DEAR DR. NERDLOVE: long time reader first time asker etc,
So I guess I’m a former Nice Guy. Read every nice guy article on the internet and 8 years later, I super feel no one has like an obligation to love me, just like I don’t have an obligation to love anyone else. I started trying to fix myself, going to the gym, being more social, making better fashion choices, etc. I’m no longer afraid of “The Friend Zone” because that actually means I have friends. A ton of girls friend-zoned me in the past, but it’s no problem. It’s more like, cool now I have a bunch of super hot strictly platonic friends.
But also I’m like 27 and a virgin so something may still be wrong here. I think my issue may be more about expressing myself. I’m pretty good about making friends and talking to people, but I think I’m really bad about making my intentions know. A lot of times, I get interpreted as more than a platonic friend. I guess I’ve seen so many horror stories where dudes flip out or come on too strong OR doing what I’ve been doing and coming off not strong enough. I have this tendency of saying “Hey friend, I have feeling for you and or I think you’re, like, super attractive” is like a weird thing that had no warning and came out of left field because I tend to have anxieties about that. So it all just sorta gushes out.
How do I make it very clear I’m interested in someone romantically without coming on too strongly… or coming on like I’m just a strictly platonic friend that isn’t at all interested in going on a date? How do I reconcile this with the fact that typically I’m usually not going to be attracted to someone until I’ve spoken to them a few times
Doing Better, Needs Work
DEAR DOING BETTER, NEEDS WORK: First of all, DBNW, congratulations on all the effort you’ve been putting in. I know you’re feeling a little frustrated right now because you feel like you’ve stalled out. But the fact that you’ve done so much – physically, emotionally, and socially – to improve yourself is really admirable. You should know that I’m proud of just how hard you’ve been working and how far you’ve come.
The reason why you feel like you’re doing something wrong is because you’ve been making so much progress. Think of your self-improvement like you’re playing a computer RPG. Your life up until you started your self-improvement was essentially the tutorial level; you’re getting used to the systems and discovering what the goals are and getting primed for some of the content that’s coming later in the game. Once you decided to start making changes, you were going through the initial challenges. Hitting the gym, working on being more social, improving your sense of style? Those were all part of how you were grinding through early game content. But there’s only so much you can do in this stage before you can no longer reap the rewards from those challenges. You’ve leveled up and they’re not as difficult for you, so you’re going to see diminishing returns until… well, basically, until you stall out. These don’t test you the way that they did before. You’ve leveled out of the starter area and now it’s time to take on your next challenge.
So now it’s time to take on your next series of challenges – in this case, facing down your anxieties and taking what you’ve learned about not being a Nice Guy and applying it to your life. These are going to seem more intimidating and more difficult because they’re going to push you in ways that you haven’t been pushed before. You’re going to have to force yourself out of your comfort zone and take chances that seem out of character for you. You’re going to have to run the risk of getting rejected – many times – so that you can learn to find the approach that works for you.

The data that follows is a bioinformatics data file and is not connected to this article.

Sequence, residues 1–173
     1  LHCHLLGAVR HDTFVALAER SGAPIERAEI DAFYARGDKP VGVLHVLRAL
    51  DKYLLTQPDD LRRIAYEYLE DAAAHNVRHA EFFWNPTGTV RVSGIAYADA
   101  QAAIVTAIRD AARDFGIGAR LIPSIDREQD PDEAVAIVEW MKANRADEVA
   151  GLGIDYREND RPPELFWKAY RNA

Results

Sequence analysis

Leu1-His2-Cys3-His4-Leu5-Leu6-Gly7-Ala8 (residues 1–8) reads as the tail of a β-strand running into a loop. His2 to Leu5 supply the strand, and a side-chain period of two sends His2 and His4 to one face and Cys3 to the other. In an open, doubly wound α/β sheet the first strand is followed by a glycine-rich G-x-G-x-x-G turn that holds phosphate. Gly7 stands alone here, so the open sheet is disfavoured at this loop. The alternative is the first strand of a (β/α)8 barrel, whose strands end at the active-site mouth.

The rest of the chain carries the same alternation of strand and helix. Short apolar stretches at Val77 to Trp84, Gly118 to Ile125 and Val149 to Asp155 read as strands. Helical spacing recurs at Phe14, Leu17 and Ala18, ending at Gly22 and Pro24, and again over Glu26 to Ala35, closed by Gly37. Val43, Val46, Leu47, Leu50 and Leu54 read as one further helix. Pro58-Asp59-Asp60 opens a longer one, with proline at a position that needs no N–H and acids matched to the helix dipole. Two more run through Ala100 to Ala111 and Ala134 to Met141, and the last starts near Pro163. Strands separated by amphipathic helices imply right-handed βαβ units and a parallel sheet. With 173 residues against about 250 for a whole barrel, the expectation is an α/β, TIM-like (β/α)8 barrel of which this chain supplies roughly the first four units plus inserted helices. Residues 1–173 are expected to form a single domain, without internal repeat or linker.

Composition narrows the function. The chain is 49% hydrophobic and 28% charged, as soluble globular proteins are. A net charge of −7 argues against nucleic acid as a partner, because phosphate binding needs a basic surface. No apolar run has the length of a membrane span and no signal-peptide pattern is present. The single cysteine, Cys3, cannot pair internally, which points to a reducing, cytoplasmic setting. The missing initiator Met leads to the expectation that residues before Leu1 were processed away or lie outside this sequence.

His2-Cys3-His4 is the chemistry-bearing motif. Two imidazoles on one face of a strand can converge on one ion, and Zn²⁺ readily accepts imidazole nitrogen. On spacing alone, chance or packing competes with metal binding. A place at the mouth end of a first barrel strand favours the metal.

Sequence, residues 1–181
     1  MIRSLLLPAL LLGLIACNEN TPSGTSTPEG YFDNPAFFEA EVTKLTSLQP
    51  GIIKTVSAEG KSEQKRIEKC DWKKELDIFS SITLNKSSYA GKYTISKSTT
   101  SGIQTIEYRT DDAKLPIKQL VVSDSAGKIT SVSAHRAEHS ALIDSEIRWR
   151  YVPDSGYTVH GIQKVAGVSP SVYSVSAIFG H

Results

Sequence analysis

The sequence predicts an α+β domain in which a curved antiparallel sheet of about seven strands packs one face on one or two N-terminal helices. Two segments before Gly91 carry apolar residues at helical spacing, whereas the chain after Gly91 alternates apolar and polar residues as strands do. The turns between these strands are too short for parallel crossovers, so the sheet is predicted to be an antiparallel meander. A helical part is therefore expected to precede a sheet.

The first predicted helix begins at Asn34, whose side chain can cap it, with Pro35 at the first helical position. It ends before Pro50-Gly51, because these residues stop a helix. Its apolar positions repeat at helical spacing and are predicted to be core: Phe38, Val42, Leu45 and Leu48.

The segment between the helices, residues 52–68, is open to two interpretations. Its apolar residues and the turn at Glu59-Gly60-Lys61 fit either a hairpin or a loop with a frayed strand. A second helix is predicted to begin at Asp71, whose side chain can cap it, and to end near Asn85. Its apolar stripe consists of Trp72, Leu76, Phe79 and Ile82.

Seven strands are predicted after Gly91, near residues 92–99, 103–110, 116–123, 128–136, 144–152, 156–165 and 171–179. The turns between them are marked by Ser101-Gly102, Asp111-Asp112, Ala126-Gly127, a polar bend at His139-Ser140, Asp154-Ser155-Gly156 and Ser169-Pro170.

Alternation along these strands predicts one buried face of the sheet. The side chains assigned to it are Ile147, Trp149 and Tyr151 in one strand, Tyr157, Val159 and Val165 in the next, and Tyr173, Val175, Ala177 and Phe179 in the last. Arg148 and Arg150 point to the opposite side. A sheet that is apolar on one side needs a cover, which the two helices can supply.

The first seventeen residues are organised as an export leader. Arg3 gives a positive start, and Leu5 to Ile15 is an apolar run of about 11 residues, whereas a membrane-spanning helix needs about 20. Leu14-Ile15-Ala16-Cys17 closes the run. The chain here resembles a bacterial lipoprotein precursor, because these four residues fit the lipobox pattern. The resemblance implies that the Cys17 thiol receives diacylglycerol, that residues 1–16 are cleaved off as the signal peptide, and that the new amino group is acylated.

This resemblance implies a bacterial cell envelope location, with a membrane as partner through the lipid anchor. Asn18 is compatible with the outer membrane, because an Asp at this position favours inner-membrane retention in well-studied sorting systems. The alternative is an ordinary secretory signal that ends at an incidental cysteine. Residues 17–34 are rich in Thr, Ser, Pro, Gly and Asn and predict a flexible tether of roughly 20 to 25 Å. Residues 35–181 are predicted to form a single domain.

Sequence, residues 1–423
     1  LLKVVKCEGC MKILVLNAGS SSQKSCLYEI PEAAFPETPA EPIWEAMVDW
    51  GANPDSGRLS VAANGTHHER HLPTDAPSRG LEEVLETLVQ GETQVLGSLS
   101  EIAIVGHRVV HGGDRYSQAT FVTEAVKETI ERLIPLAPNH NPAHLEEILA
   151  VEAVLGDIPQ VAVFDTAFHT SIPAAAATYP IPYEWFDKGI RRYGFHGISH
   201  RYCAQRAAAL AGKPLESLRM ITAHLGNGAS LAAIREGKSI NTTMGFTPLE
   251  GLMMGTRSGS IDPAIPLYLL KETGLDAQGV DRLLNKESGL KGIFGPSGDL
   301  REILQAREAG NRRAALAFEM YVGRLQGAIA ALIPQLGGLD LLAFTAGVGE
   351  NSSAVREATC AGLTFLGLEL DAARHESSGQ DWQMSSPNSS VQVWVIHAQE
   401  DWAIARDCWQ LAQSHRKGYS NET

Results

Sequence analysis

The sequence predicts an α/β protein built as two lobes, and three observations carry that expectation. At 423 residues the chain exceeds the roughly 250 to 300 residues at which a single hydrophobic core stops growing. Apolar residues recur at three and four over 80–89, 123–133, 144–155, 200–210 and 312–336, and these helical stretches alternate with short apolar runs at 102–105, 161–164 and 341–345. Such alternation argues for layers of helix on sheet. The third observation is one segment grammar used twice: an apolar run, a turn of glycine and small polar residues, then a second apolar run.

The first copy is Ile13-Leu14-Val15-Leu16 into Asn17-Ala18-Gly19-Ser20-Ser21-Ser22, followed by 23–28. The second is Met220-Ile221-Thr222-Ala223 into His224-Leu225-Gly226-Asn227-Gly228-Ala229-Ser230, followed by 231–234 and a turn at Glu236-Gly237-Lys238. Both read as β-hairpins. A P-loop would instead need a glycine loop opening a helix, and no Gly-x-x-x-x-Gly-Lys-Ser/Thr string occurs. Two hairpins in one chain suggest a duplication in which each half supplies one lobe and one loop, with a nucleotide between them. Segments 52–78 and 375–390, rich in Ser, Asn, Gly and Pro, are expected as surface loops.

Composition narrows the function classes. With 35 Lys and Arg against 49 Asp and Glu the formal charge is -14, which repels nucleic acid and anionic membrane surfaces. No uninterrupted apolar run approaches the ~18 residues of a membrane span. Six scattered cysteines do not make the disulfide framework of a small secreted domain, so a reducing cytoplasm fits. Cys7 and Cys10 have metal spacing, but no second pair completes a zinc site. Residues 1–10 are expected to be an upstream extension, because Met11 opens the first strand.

And that starts with recognizing that there’s nothing wrong with your being interested in them. Your being attracted to somebody isn’t an imposition on them. Despite what angry dudes on subreddits and YouTube comments will tell you, women don’t find it insulting that you’re into them. The issue is in howsomebody expresses that interest. Light flirting and asking someone on a date isn’t crossing a line or coming on too strong… especially if you take rejection with grace and dignity. The guy who sends overly familiar and way over-sexual messages to women on dating apps or social media? That dude is the one who’s creeping women out. Same with guys who ignore women’s disinterest at bars or parties or who take “no” – including soft “no’s” like “I’m busy” or “I’m not ready to date” as a sign to keep going or to try harder.
That worry you feel about being that guy? That’s going to be a big part of what keeps you from being him. But at the same time, you have to be willing to not let that worry or anxiety paralyze you into inaction. You’re going to have to be able to own your attraction and express that interest in a respectful manner.
(And trust me on this: don’t try to mute your anxieties through, say, alcohol. It may turn down the volume on your anxiety, but it also turns down the volume on your sense of good judgement and ability to read signals, so you could end up creeping on people without intending to.)
The easiest way to do this is to be friendly and flirty with people you may be into. It’s easier to have a flirty vibe from the jump – even if you ultimately decide you want to be friends – than it is to try to switch gears from platonic to sexual or romantic. You also want to get comfortable with just asking somebody out on a date, rather than confessing to being attracted to them or having feelings. The former is active and has you taking the initiative; you’re asking them to come do something with you and telling them that you’re interested in them at the same time. The latter is more passive and puts some pressure on them. You’ve basically dropped your feels at their feet like a cat dropping a mouse and asking them to do something with it.